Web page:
Develop A Growth Mindset in Your Child

We want our children to be resilient in the face of adversity and be able to feel confident to persevere in difficult situations. This will help them in a range of daily life situations from struggling with friendships, life changes such as moving house or school, coping with physical illness or learning new skills at school or in sport.

Common wisdom over recent decades agrees that encouraging or praising our children’s achievements will lead to confidence and resilience. While this is true, a particular style of praise and encouragement has been found to be the most helpful: that which encourages a growth mindset in children.

Carol Dweck is a professor of psychology at Stanford University who studies mindset in children and its relationship to success. She is the author of the book “Mindset: The New Psychology of Success” which discusses growth vs fixed mindset and how we can best set up our children to develop a growth mindset.
Dweck’s defines fixed vs growth mindset as:
“In a fixed mindset students believe their basic abilities, their intelligence, their talents, are just fixed traits. They have a certain amount and that’s that, and then their goal becomes to look smart all the time and never look dumb. In a growth mindset students understand that their talents and abilities can be developed through effort, good teaching and persistence. They don’t necessarily think everyone’s the same or anyone can be Einstein, but they believe everyone can get smarter if they work at it.”

While certain skills and abilities come more easily to some children than others, brain plasticity teaches us that we can always learn and develop new skills. Our brain is like a muscle and working it makes it stronger and more capable in a particular area. We might find that maths does not come easily to us, but the more we practise math, the more skilled we become.

A fixed mindset regarding ability or intelligence is particularly unhelpful for children. If they believe that maths ability is fixed, they will easily give up when they come across a new maths problem that they cannot solve. This means they miss the opportunity to learn and grow their ability in this area as well as their confidence with maths. This can also lead to unhelpful beliefs about themselves such as “I’m just no good at maths” or worse still, “I’m not smart”. When children believe that their successes are the result of innate ability or talent, rather than attitude or effort they can give up easily when tasks are difficult or in fact not even try new tasks or tasks in areas that they do not feel confident in.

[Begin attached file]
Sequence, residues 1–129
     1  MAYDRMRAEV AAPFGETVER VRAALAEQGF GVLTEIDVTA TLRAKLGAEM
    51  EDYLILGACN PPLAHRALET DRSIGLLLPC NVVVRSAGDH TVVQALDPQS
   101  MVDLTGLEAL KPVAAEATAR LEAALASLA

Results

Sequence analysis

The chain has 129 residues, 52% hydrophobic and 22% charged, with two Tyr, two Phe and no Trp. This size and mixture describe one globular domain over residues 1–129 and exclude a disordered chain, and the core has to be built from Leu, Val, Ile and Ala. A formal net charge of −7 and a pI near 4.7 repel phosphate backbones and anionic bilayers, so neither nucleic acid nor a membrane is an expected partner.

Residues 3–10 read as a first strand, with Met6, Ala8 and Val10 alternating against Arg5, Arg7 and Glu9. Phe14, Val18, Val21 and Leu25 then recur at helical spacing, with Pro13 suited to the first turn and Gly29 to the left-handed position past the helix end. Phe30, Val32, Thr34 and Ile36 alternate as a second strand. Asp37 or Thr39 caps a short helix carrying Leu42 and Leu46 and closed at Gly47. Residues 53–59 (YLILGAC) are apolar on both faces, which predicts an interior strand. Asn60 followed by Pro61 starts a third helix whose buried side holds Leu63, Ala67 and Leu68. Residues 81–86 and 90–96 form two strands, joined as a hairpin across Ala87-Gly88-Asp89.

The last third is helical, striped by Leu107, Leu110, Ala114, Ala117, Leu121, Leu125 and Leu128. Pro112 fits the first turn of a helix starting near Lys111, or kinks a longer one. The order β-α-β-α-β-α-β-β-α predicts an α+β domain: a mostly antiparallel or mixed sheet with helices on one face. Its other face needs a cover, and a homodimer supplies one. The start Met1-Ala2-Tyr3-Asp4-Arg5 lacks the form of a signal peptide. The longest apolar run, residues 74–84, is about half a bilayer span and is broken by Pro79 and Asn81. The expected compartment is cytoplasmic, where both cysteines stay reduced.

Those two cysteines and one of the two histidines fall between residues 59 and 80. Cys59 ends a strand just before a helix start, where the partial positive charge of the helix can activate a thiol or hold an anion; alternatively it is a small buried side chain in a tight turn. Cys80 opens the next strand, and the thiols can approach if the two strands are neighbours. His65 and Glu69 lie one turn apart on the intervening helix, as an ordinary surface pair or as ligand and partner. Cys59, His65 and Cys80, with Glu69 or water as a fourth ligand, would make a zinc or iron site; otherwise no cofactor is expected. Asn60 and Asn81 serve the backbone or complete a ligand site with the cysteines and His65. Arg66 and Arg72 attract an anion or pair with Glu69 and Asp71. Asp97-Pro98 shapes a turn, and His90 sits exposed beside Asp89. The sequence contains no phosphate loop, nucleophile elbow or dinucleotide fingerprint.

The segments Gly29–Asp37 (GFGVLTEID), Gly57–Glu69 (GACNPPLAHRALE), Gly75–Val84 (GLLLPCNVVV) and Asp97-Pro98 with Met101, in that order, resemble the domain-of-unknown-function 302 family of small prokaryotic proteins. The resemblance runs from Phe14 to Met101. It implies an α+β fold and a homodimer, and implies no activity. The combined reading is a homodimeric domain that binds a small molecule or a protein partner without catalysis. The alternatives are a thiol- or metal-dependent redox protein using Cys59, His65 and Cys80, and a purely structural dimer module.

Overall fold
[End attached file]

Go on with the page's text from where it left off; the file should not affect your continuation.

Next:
Dweck suggests that there are a few simple steps that we can take to help develop a growth mindset in our children:
1. Ensure children understand that our brains grow and develop through hard work and practise, just like a muscle.

2. Try to avoid praising children by telling them that they are ‘smart’, ‘intelligent’ or ‘talented’, as this implies that these abilities are fixed and unchangeable.

3. Direct your praise and encouragement instead towards effort, practice, strategy and actions, rather than results. This helps children to learn that success is more connected to what we do rather than our innate abilities.

Instead of:
“You’re such a smart cookie.”
“You’re the best soccer player I know, you never miss a shot!”
“I’m proud of you for getting an A.”

“I’m so proud of you for sticking at this even though it’s hard.”
“I can tell that you’ve been practising this.”
“I love how you tried out lots of different ways of working out this problem until you found the right one.”
“I can see how hard you worked on this project, its really payed off. Well done!”
“It was great how you stuck right on your opponent through the whole game tonight.”

4. Importantly, encourage children to try out new things and stretch their abilities often. Embrace and praise failures and mistakes as this is such an important part of the learning process and is growing a child’s mind, abilities and confidence. The reward for overcoming something is also much sweeter when we have struggled and worked hard to accomplish it and this is a wonderful and rewarding lesson for children to learn early in life.
For example:
“It’s so great that you’re giving this new thing a go. You haven’t quite got the hang of it yet but we know how getting it wrong helps your brain to grow and learn. Jump back in and give it another go.”
“Getting it wrong sometimes means you’re working hard and learning something new. I’m really proud of you.”

Through encouraging a growth mindset in our children, we can help them to build resilience, perseverance and confidence in their abilities to overcome difficulties: some of the best resources for a happy and successful life.

Written by Cause Effect Psychology

Dweck, C. S. (2006). Mindset: The new psychology of success. New York: Random House.

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